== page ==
Hello fellow movie lovers! If you follow me on Twitter, then you’ve heard. This week, I have created a “Storify” for the review of Ponyo. On there, you will find things like the IMDB page for Ponyo with plenty of facts about the movie’s production, cast and other things alike. I have also included some interesting videos from YouTube to talk about some theories from other film lovers. I hope you enjoy!
Well hello, fellow movie lovers. Allow me to start this post by saying, “Happy Valentine’s Day,” or for my single friends, “Happy Pal-entine’s Day.” Today’s special post is dedicated to the French film Jack and the Cuckoo-Clock Heart. While this is not necessarily a love story in it’s entirety, it does have some elements that are celebrated on this day (this post may be brief due to the lack of information on this underexposed movie).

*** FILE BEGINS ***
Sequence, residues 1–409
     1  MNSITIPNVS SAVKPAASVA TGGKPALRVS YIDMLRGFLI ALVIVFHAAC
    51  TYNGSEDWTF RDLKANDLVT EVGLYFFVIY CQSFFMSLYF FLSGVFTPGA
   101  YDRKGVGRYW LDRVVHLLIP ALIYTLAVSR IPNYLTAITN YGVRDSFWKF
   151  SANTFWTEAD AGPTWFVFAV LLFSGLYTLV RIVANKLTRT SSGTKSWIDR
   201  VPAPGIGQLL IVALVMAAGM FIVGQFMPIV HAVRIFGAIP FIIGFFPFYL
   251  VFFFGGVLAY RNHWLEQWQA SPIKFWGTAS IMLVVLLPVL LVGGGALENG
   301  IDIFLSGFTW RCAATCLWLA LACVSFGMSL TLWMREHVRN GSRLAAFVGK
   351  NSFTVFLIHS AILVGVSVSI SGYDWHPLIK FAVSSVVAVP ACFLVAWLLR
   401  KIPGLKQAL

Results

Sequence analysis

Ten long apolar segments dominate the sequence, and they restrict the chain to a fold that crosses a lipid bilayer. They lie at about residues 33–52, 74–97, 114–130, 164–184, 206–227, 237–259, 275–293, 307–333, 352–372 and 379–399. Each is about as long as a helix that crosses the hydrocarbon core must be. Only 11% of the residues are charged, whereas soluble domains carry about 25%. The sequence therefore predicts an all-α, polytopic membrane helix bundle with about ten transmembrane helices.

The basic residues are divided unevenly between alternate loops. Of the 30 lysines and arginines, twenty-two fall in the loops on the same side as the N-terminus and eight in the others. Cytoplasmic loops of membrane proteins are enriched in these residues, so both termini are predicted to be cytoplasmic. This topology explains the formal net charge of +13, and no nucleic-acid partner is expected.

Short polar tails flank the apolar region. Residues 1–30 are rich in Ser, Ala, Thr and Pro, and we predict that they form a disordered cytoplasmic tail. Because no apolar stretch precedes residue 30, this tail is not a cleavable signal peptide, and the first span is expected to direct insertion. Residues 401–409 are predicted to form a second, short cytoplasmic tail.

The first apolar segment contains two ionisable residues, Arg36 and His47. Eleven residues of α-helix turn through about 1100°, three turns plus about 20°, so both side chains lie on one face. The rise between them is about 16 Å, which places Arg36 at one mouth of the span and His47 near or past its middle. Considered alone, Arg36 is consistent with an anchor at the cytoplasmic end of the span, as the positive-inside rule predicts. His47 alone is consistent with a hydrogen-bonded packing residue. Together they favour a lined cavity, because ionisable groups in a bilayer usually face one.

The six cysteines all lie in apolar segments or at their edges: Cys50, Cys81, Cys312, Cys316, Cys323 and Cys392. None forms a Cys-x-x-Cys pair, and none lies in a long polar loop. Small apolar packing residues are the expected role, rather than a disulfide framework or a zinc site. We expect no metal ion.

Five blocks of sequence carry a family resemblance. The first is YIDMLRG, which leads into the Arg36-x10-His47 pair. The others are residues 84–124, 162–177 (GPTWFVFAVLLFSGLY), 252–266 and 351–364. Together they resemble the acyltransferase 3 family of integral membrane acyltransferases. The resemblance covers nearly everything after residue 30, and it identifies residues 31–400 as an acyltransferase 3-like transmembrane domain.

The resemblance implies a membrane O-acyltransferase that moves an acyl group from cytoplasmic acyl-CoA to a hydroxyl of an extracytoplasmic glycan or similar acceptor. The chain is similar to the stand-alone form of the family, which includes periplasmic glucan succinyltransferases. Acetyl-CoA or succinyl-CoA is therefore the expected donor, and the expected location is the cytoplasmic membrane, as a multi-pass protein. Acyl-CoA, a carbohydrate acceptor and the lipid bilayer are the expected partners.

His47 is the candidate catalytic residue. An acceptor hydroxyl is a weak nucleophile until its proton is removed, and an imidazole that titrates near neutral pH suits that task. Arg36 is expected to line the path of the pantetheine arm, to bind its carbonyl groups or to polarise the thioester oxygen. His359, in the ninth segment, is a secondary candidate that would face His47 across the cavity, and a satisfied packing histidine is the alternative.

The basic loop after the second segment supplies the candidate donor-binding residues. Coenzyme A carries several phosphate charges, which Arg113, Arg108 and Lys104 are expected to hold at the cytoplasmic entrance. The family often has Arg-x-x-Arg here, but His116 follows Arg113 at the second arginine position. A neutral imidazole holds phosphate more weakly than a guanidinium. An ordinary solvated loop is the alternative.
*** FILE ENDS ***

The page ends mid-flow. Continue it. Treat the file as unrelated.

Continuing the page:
This movie, like Mary and Max, started as a foreign film festival production. The film, based on a novel by Mathias Malzieu, was originally released at the Arras Film Festival in France on November 17, 2013. Jack and the Cuckoo-Clock Heart also took a swing at the Berlin International Film Festival in February of 2014, and the Brussels European Film Festival in June of 2016. Like many of the productions in the film festival industry tend to do, Jack and the Cuckoo-Clock Heart had very spread out release dates. It was first introduced to the United States as a limited premier in September of 2014, and then released on Blu-ray and DVD in October of 2014. The film was directed by Stéphane Berla and Mathias Malzieu. Along with being one of the writers and directors, Malzieu also starred in the film, as the voice of Jack, along side Olivia Ruiz who voiced Miss Acacia (full cast). Now, personally, I believe that this movie is amazing and fantastic; there are simply not enough words to describe how much I love this film. But some European critics may not fully agree with me. The film was only nominated for three awards: “Best Film” at the Berlin International Film Festival, “Best Animated Film” at the César Awards in France, and “European Animated Feature Film” at the European Film Awards. Sadly, Jack and the Cuckoo-Clock Heart did not bring home any awards.